April 20, 2016
Pakistan has shown improvement on the 2016 World Press Freedom Index unveiled by Reporters Without Borders (RSF) - up from last year's rank of 159 to 147 this time.
The RSF said most of the movement in the World Press Freedom Index is indicative of a climate of fear and tension combined with increasing control over newsrooms by governments and private-sector interests. The 2016 Index reflects the intensity of the attacks on journalistic freedom and independence by governments, ideologies and private-sector interests during the past year.
The watchdog said journalists in Pakistan are targeted by extremist groups, Islamist organizations and the country's feared intelligence organizations, all of which are on RSF’s list of predators of press freedom.
Although at war with each other, they are all always ready to denounce acts of “sacrilege” by the media. Inevitably, self-censorship is widely practiced within news organizations. The Pakistani media are nonetheless regarded as among the freest in Asia when it comes to covering the squabbling among politicians, RSF said.
Seen as a benchmark throughout the world, the Index ranks 180 countries according to the freedom allowed to journalists. It also includes indicators of the level of media freedom violations in each region. These show that Europe (with 19.8 points) still has the freest media, followed distantly by Africa (36.9), which for the first time overtook the Americas (37.1), a region where violence against journalists is on the rise. Asia (43.8) and Eastern Europe/Central Asia (48.4) follow, while North Africa/Middle East (50.8) is still the region where journalists are most subjected to constraints of every kind.
Three north European countries head the rankings. They are Finland (ranked 1st, the position it has held since 2010), Netherlands (2nd, up 2 places) and Norway (3rd, down 1). The countries that rose most in the Index include Tunisia (96th, up 30), thanks to a decline in violence and legal proceedings, and Ukraine (107th, up 22), where the conflict in the east of the country abated.
“It is unfortunately clear that many of the world’s leaders are developing a form of paranoia about legitimate journalism,” RSF secretary-general Christophe Deloire said.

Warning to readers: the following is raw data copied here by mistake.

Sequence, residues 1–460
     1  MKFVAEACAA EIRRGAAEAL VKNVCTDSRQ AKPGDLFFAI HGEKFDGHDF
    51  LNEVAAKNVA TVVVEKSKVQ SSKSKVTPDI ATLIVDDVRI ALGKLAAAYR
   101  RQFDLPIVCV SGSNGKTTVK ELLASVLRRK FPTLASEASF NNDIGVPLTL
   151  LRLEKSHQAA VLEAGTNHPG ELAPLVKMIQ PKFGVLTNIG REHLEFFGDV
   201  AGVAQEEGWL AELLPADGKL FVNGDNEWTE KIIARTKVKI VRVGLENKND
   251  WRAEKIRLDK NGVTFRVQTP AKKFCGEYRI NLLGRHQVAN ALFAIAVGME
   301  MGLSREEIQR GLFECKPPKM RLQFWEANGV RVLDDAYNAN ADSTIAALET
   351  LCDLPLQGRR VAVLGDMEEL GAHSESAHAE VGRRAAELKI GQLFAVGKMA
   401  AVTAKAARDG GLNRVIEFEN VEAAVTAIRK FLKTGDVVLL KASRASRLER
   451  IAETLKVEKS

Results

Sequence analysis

“The climate of fear results in a growing aversion to debate and pluralism, a clampdown on the media by ever more authoritarian and oppressive governments, and reporting in the privately-owned media that is increasingly shaped by personal interests. Journalism worthy of the name must be defended against the increase in propaganda and media content that is made to order or sponsored by vested interests. Guaranteeing the public’s right to independent and reliable news and information is essential if humankind’s problems, both local and global, are to be solved.”
Published annually by RSF since 2002, the World Press Freedom Index is an important advocacy tool based on the principle of emulation between states. Because it is now so well known, its influence over the media, governments and international organizations is growing.
The Index is based on an evaluation of media freedom that measures pluralism, media independence, the quality of the legal framework and the safety of journalists in 180 countries. It is compiled by means of a questionnaire in 20 languages that is completed by experts all over the world. This qualitative analysis is combined with quantitative data on abuses and acts of violence against journalists during the period evaluated.
The Index is not an indicator of the quality of the journalism in each country, nor does it rank public policies even if governments obviously have a major impact on their country’s ranking.
See the Index here
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